Peter Sayer
Senior Editor

5G ready or 5G really? Industry CIOs face hard truths about private 5G

Jun 06, 20238 mins
CIONetwork AppliancesNetwork Switches

Some enterprises are building private 5G networks for their industrial environments, only to find they have to initially settle for 4G service. So what is private 5G ready for, and what can it really do?

ArcelorMittal France conceived 5G Steel, a private cellular network serving its steel works in Dunkerque, to support its digitalization plans with high-speed, site-wide 5G connectivity.

But when it turned the network on in October 2022, the devices connecting to it were only 4G.

French public network operator Orange built the private network, which covers a 10-square-kilometer area at the ArcelorMittal plant in Dunkerque. It’s 5G-based, but the terminals using it aren’t, as the availability of 5G-compatible terminals suitable for use in an industrial environment is too limited, says David Glijer, the company’s director of digital transformation.

Such hardware limitations are hindering companies’ ambitions elsewhere too. When network equipment maker Nokia and infrastructure services provider Kyndryl got together to roll out private wireless connectivity to industrial customers, 5G was a big part of their pitch.

At chemical manufacturer Dow, though, where Kyndryl and Nokia helped build a high-speed network covering one of the company’s largest plants, the wireless is only 4G.

“Everybody’s hyped up about 5G networks, but you have to have devices and applications that work on 5G, so we’re not going to jump there yet,” Dow CIO Melanie Kalmar told last year. “But we’ll be prepared to go there and make that switch. The infrastructure that we’ve put in place will be able to transition to 5G.”

When private 5G mobile was first mooted as an alternative to WiFi, it was seen as a way to deliver reliable, high-bandwidth, low-latency, wireless connectivity for real-time control of industrial systems. However, some of its early adopters in industrial environments, like ArcelorMittal France, aren’t yet able to get all the expected benefits from their investment, while others, like Dow, focused on the here-and-now benefits of 4G while planning ahead for an easy upgrade.

What 5G is

CIOs looking to future-proof their private wireless network investments need to understand what 5G is. That ought to be easy, notwithstanding the attempts of mobile operators such as AT&T to fake it till they make it, branding their existing 4G towers as “5G evolution.”

5G is a new radio technology standard requiring new mobile terminals, new base stations for them to connect to, and (to get all the benefits) a new network core that can deliver millisecond latency and network slicing to provide guaranteed bandwidth and performance.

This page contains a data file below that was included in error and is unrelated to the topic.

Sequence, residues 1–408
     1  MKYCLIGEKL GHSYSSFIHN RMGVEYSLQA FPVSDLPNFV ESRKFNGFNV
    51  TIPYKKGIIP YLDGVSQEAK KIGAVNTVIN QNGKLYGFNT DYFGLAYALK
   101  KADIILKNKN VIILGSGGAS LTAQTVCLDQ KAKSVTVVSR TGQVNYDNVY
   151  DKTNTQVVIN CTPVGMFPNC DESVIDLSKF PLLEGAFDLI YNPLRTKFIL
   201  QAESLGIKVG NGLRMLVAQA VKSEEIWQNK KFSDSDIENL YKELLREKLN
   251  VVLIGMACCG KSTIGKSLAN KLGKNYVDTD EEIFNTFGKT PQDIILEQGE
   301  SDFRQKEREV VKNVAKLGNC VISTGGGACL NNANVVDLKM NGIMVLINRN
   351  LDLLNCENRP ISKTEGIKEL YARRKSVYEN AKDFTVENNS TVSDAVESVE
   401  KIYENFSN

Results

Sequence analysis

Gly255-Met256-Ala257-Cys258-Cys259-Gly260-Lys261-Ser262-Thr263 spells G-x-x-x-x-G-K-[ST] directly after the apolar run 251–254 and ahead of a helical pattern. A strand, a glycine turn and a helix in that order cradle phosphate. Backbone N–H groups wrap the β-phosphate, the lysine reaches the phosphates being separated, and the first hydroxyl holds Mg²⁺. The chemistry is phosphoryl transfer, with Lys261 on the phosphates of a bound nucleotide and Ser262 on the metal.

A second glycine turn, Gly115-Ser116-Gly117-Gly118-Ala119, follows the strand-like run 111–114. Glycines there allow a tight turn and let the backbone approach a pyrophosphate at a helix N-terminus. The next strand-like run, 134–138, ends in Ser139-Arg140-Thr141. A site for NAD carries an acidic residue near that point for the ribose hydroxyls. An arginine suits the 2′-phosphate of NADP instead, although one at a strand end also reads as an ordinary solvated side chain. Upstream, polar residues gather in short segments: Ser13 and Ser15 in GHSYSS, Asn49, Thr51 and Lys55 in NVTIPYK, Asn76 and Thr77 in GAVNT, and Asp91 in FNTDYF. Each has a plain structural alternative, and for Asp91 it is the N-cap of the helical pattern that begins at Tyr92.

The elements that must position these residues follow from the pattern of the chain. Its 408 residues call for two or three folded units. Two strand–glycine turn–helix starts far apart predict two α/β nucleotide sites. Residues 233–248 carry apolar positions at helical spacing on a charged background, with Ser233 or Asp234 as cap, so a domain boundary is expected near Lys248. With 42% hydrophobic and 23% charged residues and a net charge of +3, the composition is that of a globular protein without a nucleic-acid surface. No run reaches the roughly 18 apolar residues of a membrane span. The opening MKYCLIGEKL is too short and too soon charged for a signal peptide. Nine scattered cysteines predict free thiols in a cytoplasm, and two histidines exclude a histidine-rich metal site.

Did we say a technology standard? Well, not quite. 5G mobile is defined in a series of standards based on technical specifications issued by the 3rd Generation Partnership Project. 3GPP was formed in 1998 to bring together the national standards bodies defining then-new 3G mobile technology to agree on a single, global mobile standard. Every year or two it issues a new release of the specifications, adding new capabilities and improving performance, and its standards body partners implement the specifications in their national standards. Work on the releases often overlaps, so discussion of one will be well advanced, and talk of which features to put in the next will have begun, even before details of the previous one are frozen.

Sometimes the changes from one release to the next are incremental, and sometimes they mark a switch to a new generation of technology. That was the case with Release 10, the first widely considered true 4G, or Release 15, which ushered in what we now know as 5G.

5G: New Radio

When the specification for Release 15 was first approved in March 2017, it only defined so-called non-standalone (NSA) 5G networks, enabling the use of 5G New Radio base stations and terminals over a 4G network core. The final specification for standalone (SA) 5G, defining the construction of networks with a new low-latency core, wasn’t frozen until June 2019 — and even then, equipment manufacturers and network operators had to wait until national standards bodies and telecommunications regulators had transposed the specifications into local laws before they could get to work.